Another organisation I'm involved in is doing something similar though a tad more formal this week. Their shortlisted candidates will be rotated round four tables so everyone gets to meet everyone else, and we don't wind up with a table of candidates. The candidates will be arriving a little later than the rest of us and leaving at a set time, that allows for a briefing beforehand and a debrief afterwards.  The London meetup usually winds up subdividing into two or more discussions simply because of the length of the table, and then folds back to one discussion by the evening as numbers dwindle. I'd hope the board will be  thinking of something like that, particularly giving the candidates a leaving time so that there is time to discuss them after they've all gone..


On 5 September 2011 10:24, Thomas Morton <> wrote:
Don't forget, though, that some of the Wikipedians may have decent experience either as CEO's themselves, or in HR - or even working under CEO's!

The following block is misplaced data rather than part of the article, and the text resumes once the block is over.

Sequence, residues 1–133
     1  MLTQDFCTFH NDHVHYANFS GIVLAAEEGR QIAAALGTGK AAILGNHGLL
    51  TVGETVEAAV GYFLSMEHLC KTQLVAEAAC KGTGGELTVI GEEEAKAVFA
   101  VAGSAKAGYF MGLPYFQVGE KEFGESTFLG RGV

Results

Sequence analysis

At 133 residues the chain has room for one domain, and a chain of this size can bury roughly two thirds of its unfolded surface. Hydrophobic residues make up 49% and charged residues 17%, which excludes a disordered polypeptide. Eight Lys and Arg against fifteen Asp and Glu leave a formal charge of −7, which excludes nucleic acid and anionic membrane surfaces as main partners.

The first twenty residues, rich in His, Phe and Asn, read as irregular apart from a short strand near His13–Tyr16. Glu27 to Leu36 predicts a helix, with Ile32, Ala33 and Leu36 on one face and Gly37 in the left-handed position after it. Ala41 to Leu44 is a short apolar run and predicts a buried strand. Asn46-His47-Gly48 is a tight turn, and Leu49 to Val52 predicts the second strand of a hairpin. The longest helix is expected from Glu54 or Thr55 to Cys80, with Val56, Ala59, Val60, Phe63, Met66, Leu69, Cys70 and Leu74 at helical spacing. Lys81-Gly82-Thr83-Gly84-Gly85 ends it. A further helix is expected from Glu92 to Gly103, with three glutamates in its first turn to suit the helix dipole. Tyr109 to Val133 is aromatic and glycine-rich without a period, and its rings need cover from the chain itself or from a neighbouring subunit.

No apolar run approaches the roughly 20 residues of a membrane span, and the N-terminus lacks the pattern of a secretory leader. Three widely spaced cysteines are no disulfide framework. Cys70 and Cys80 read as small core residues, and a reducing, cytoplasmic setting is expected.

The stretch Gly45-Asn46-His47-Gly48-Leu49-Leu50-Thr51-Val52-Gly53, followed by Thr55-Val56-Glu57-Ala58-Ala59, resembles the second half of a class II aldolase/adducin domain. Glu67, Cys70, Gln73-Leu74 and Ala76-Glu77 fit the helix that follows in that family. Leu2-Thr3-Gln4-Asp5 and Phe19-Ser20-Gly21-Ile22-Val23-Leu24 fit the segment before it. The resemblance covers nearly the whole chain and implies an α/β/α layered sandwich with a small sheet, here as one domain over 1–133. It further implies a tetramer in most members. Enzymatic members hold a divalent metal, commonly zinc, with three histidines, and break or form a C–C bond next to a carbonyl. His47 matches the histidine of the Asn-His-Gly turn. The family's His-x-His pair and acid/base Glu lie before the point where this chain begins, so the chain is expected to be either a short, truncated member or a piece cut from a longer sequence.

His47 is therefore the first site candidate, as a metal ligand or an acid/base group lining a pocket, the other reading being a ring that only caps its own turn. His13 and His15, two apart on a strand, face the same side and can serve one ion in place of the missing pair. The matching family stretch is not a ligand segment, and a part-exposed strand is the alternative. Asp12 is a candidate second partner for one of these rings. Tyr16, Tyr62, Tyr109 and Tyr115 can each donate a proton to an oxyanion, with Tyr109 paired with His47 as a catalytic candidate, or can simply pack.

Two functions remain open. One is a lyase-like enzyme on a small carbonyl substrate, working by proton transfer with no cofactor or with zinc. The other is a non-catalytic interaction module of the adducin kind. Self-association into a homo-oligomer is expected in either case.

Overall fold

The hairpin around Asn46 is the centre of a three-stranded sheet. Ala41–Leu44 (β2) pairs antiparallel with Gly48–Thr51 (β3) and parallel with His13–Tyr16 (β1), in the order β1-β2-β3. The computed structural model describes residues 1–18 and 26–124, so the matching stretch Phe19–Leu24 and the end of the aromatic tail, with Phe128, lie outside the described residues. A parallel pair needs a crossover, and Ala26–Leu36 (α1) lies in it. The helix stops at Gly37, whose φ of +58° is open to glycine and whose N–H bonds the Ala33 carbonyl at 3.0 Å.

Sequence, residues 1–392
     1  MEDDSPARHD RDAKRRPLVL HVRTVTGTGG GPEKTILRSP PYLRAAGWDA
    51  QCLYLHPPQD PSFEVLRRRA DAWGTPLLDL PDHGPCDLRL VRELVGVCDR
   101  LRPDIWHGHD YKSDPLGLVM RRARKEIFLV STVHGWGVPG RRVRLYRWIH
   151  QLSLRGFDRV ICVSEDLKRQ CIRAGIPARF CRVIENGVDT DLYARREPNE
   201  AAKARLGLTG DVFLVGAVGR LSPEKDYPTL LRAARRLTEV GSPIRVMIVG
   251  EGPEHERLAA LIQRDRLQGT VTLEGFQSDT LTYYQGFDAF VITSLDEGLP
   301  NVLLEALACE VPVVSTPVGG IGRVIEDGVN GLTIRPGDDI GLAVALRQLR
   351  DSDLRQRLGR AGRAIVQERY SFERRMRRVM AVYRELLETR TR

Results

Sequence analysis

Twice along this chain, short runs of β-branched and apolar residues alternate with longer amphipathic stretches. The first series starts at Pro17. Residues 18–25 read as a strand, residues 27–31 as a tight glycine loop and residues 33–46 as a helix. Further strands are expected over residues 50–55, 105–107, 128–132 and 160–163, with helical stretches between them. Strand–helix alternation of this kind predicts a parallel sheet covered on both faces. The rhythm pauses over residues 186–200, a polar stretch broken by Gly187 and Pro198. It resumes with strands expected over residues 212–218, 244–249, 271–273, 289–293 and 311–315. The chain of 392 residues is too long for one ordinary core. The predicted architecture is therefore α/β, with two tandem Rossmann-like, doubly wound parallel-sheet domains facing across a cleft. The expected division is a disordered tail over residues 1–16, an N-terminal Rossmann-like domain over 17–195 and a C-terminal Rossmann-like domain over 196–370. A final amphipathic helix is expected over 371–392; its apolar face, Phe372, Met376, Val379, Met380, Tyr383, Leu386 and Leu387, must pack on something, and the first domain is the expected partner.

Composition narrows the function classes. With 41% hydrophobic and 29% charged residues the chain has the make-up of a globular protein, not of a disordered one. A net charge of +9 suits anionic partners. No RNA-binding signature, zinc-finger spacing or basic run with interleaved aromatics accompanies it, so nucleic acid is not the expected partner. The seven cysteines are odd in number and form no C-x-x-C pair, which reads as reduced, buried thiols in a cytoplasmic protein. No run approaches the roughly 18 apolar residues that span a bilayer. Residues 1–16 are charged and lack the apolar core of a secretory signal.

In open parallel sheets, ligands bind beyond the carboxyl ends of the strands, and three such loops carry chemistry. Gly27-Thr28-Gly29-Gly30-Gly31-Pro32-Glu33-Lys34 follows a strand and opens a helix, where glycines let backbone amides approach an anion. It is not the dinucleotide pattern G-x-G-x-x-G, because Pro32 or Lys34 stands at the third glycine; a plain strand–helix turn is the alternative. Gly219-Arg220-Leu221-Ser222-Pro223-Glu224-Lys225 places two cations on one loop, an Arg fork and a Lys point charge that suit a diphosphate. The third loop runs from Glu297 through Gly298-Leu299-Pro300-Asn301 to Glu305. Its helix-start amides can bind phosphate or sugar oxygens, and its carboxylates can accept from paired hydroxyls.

So there may be important insight to gain from them and their advice :) Especially as it is likely to be a no BS assessment.

When I hire people I usually round up the final candidates and take them to lunch with some of the current employees - and then debrief informally later to see what they thought. This is almost always the best hiring advice you will ever get.


On 5 September 2011 10:19, James Forrester <> wrote:
On 5 September 2011 09:12, Gordon Joly <> wrote:
> I humbly assert that this process (many Wikipedians, face to face, in a
> pub in London) breaks any modern standards of the selection process
> (e.g. all candidates being asked the same set of questions).

Well, the way I see it it's more that it's an opportunity for the
potential Chiefs Executive to consider whether they really want to
serve our community - so best behaviour from all attendees, please!

Certainly, I wouldn't want the Board to make a decision based on a few
idle chats in a pub, but I'm sure they wouldn't.

James D. Forrester |
[[Wikipedia:User:Jdforrester|James F.]]

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